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By DP30 david@thehotbuttonl.com

DP/30: Cloud Atlas, screenwriter/directors Lana Wachowski, Tom Tykwer, Andy Wachowski

7 Responses to “DP/30: Cloud Atlas, screenwriter/directors Lana Wachowski, Tom Tykwer, Andy Wachowski”

  1. berg says:

    at the 17 minutes mark (approx) the interview soars to new heights

  2. Heisenberg says:

    Damn, aside from Tom Tykwer desperately trying to get out of there at the 30 minute mark, and their publicist throwing out a bit of a burn towards DP at the very end, it was a great interview. Loved the epic rants on the philosophical nature of “Revolutions,” as well as Andy Wachowski’s understandable annoyance with film junkets.

  3. djiggs says:

    Amazing interview…I wish I had the chance to catch the late screening with Q&A at Fantastic Fest…Profound love/respect/admiration to the Wachowskis, Tykwer, and you David. Cornel West was not joshing when he said Lana was laser smart. What a wonderful soul.

  4. Danny says:

    Inspiring trio. Artistically and personally.

  5. Captain_Celluloid says:

    Yeah, AMAZING interview.

    Three totally different totally interesting
    personas. Well wrangled, David.

    All were impressively articulate and comfortably erudite
    without being pretentious . . . . loved the ONE BROW FILM
    line . . . . as Hollywood has forgotten how to make
    smart and adult large scale films . . . . which is sadly ironic
    considering how well Hollywood did with that type of film in the 70’s . . . . .

    I am now totally prepared to like the CLOUD ATLAS . . . . I am also now totally and pleasantly surprised by how comfortable we’ve all gotten with Lana NEE Larry . . . I know I have.

    I may still have trouble with pronoun selection but Lana is a totally interesting — and forgive me for framing it this way — “non-freakish” person . . . .
    as is Andy . . . . and I am really glad they’ve decided to start talking about their work. I guess we can at least partially thank Tom Tykwer

  6. sanj says:

    Andy Wachowski is funny….get him back …let him go off topic about movies.

  7. Rashad says:

    I really wish someone would get the Wachowskis for an hour, and have them talk about their 10 favorite movies. Would love to hear their thoughts.

    And I love Revolutions as well.

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DP/30

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“I suddenly couldn’t say anything about some of the movies. They were just so terrible, and I’d already written about so many terrible movies. I love writing about movies when I can discover something in them – when I can get something out of them that I can share with people. The week I quit, I hadn’t planned on it. But I wrote up a couple of movies, and I read what I’d written, and it was just incredibly depressing. I thought, I’ve got nothing to share from this. One of them was of that movie with Woody Allen and Bette Midler, Scenes From a Mall. I couldn’t write another bad review of Bette Midler. I thought she was so brilliant, and when I saw her in that terrible production of ‘Gypsy’ on television, my heart sank. And I’d already panned her in Beaches. How can you go on panning people in picture after picture when you know they were great just a few years before? You have so much emotional investment in praising people that when you have to pan the same people a few years later, it tears your spirits apart.”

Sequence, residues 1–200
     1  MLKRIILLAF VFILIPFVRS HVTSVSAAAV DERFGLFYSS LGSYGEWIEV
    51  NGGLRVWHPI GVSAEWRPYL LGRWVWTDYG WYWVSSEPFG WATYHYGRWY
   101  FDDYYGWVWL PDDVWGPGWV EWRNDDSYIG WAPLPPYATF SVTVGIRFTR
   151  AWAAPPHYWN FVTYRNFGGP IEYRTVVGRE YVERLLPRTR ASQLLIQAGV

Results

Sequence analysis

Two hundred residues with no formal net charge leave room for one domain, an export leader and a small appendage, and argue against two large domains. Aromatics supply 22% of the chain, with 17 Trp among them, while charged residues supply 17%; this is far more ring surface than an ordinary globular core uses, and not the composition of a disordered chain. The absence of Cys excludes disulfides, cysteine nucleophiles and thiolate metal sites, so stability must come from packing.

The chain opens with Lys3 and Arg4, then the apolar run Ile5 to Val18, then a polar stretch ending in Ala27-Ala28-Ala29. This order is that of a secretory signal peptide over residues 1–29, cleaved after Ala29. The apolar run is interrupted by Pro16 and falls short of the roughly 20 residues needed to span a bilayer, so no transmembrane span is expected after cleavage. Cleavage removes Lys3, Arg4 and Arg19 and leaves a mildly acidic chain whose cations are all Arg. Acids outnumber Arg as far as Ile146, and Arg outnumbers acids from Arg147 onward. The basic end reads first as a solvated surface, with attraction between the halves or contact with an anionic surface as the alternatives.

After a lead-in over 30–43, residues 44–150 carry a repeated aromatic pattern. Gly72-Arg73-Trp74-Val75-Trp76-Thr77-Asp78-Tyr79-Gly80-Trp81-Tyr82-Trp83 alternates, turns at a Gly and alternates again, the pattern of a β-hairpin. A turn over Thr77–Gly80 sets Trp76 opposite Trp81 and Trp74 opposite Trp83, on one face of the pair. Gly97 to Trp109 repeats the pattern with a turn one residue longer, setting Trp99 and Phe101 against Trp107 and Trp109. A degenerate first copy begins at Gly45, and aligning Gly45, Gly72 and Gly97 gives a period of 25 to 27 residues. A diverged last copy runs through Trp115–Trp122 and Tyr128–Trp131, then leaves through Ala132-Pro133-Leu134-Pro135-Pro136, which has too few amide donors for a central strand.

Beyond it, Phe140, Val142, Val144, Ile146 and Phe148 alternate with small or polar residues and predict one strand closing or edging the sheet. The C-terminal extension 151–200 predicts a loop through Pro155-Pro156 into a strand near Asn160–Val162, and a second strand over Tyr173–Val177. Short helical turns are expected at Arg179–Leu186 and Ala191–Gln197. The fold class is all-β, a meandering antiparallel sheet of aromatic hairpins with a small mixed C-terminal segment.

~ Pauline Kael On Quitting

“My father was a Jerome. My daughter’s middle name is Jerome. But my most vexing and vexed relationship with a Jerome was with Jerome Levitch, the subject of my first book under his stage and screen name, Jerry Lewis.

I have a lot of strong and complex feelings about the man, who passed away today in Las Vegas at age 91. Suffice to say he was a brilliant talent, an immense humanitarian, a difficult boss/interview, and a quixotic sort of genius, as often inspired as insipid, as often tender as caustic.

I wrote all about it in my 1996 book, “King of Comedy,” which is available on Kindle. With all due humility, it’s kinda definitive — the good and the bad — even though it’s two decades old. My favorite review, and one I begged St. Martin’s (unsuccessfully) to put on the paperback jacket, came from “Screw” magazine, which called it “A remarkably fair portrait of a great American asshole.”

Jerry and I met twice while I was working on the book and spoke/wrote to each other perhaps a dozen times. Like many of his relationships with the press and his partners/subordinates, it ended badly, with Jerry hollering profanities at me in the cabin of his yacht in San Diego. I wrote about it in the epilogue to my book, and over the years I’ve had the scene quoted back to me by Steve Martin, Harry Shearer, Paul Provenza and Penn Jillette. Tom Hanks once told me that he had a dinner with Paul Reiser and Martin Short at which Short spent the night imitating Jerry throwing me off the boat.

Jerry was a lot of things: father, husband, chum, businessman, philanthropist, artist, innovator, clown, tyrant. He was at various times in his life the highest-ever-paid performer on TV, in movies, and on Broadway. He raised BILLIONS for charity, invented filmmaking techniques, made perhaps a dozen classic comedies, turned in a terrific dramatic performance in Martin Scorsese’s “The King of Comedy,” and left the world altered and even enhanced with his time and his work in it.

That’s an estimable achievement and one worth pausing to commemorate.

#RIP to Le Roi du Crazy

~ Biographer Shawn Levy on Jerry Lewis on Facebook